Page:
Botrytis cinerea is a prevalent grey rot fungus that impacts fruit and vegetable harvests. The rot naturally develops from environmental spores which are drawn to sweet crops and adore moist, damp places. As a result, grape berries are an ideal environment for botrytis to flourish. Grey rot can cause harm and even destroy crops if the weather is consistently rainy and the fungus is not controlled. In addition, grapes can lose their colour and have their flavour altered.

Fungus and its positive attributes

The same grey rot fungus may be favourable for some white grape varieties with high acidity levels and a specific environment. The phrase "noble rot" refers to the fungus's effects on the development which will result in premium white sweet wines. The development of noble rot starts when grapes are fully ripened with an alcohol level of 7 percent, a typical weather condition is necessary. The regions that are well known for producing this style of wine made by noble rot have typical humid, misty, wet mornings which are followed by a sunny and dry afternoon.

The damp, humid morning develops the rot on grapes, creating a layer with a furry appearance that affects the grape skin by leaving microscopic holes. The sunny, warm afternoon delays the growth of rot, which causes water to evaporate from the damaged skin and results in grapes that are shriveled and have a concentration of sugars, flavour, and acidity, giving the wine its classic flavours of honey, ripe peach, apricot, dried fruit, and zesty aromas.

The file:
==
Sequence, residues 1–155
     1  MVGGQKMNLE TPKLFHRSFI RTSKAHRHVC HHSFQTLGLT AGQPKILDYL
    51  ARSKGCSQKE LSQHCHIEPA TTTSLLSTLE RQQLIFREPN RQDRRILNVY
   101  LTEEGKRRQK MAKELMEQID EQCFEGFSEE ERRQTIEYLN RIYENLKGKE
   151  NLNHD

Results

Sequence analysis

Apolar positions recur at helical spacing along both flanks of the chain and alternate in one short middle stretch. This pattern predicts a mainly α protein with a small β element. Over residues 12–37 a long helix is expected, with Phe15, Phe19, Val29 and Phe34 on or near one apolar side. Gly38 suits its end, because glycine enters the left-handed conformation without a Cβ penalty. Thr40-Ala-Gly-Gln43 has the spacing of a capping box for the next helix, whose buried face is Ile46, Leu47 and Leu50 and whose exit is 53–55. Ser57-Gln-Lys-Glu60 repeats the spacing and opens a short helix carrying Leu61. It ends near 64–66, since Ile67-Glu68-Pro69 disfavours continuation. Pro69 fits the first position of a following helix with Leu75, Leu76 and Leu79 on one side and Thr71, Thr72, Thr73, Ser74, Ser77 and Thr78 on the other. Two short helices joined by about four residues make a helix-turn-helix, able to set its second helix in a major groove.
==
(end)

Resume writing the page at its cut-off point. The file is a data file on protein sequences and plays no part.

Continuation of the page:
Noble rot-affected grapes are hand-picked and carefully selected since the rot may impact grape bunches differently. The grapes are shielded from further damage by manual harvesting, meticulously selecting each grape one at a time, and picking is sometimes repeated over eight times depending on the development of rot. Although this procedure is time-consuming and expensive, with limited and low yields, the wine it produces is exceptional, elegantly sweet, and long-lasting which demands high prices.

Botrytized wines

An exceptional example of botrytized wines with a high market price and a reputable international reputation is Tokaji Asźu from Tokaj in Hungary which commonly uses grape varietals 70% Furmint, 20-25% Hárslevelű and a small percentage of Sárga Muskotá (Muscat Blanc a Petits Grains).

Sauternes, west bank of Bordeaux, France which is made from a blend of Semillon, Sauvignon Blanc and Muscadelle grapes. Sélection de Grain Noble (SGN) of Alsace, France made from Gewürztraminer, Pinot Gris, Riesling and Muscat grape varieties.

Trockenbeerenauslese a German category meaning dried berry selection (TBA), finest examples are made from Riesling grape, Chardonnay, Gewürztraminer, Ortega and other Germanic varieties are also permitted. The trockenbeerenauslese category is also common in Austria which comes from Neusiedlersee and Burgenland.

Countless culinary combinations

Serving sweet wines with sweet desserts is the most common way to combine them with food. According to one theory, the sweetness of desserts and wines complement each other nicely, resulting in a harmonious pairing of the two. Sweet wines can pair with stone fruit tarts such as peach tart, and apricot tart. Also pairs well with dried fruit and nuts such as dates and pecan cakes.

When considering additional treats to pair with the luscious sweet wine, I may experiment with cinnamon rolls drenched in frosting or perhaps a Christmas pudding infused with liquor.

For those who are feeling more daring and want to try savory meals, I recommend dishes that have been caramelized or honeyed. A delicious board of outstanding blue cheese and dried nuts or fatty foie gras would also be ideal.